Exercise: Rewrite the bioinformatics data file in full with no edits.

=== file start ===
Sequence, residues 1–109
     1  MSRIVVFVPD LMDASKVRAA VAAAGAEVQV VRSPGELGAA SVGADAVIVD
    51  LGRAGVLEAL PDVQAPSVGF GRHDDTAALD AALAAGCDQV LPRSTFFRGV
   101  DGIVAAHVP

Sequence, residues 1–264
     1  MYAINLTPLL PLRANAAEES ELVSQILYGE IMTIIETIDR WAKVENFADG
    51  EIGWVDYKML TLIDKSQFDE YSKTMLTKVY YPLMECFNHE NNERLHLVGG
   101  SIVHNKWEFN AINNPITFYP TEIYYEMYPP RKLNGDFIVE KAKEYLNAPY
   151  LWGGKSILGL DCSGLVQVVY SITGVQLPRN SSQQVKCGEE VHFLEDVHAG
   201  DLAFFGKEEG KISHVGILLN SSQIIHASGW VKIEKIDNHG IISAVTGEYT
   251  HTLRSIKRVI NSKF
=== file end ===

Sequence, residues 1–109
     1  MSRIVVFVPD LMDASKVRAA VAAAGAEVQV VRSPGELGAA SVGADAVIVD
    51  LGRAGVLEAL PDVQAPSVGF GRHDDTAALD AALAAGCDQV LPRSTFFRGV
   101  DGIVAAHVP

Sequence, residues 1–264
     1  MYAINLTPLL PLRANAAEES ELVSQILYGE IMTIIETIDR WAKVENFADG
    51  EIGWVDYKML TLIDKSQFDE YSKTMLTKVY YPLMECFNHE NNERLHLVGG
   101  SIVHNKWEFN AINNPITFYP TEIYYEMYPP RKLNGDFIVE KAKEYLNAPY
   151  LWGGKSILGL DCSGLVQVVY SITGVQLPRN SSQQVKCGEE VHFLEDVHAG
   201  DLAFFGKEEG KISHVGILLN SSQIIHASGW VKIEKIDNHG IISAVTGEYT
   251  HTLRSIKRVI NSKF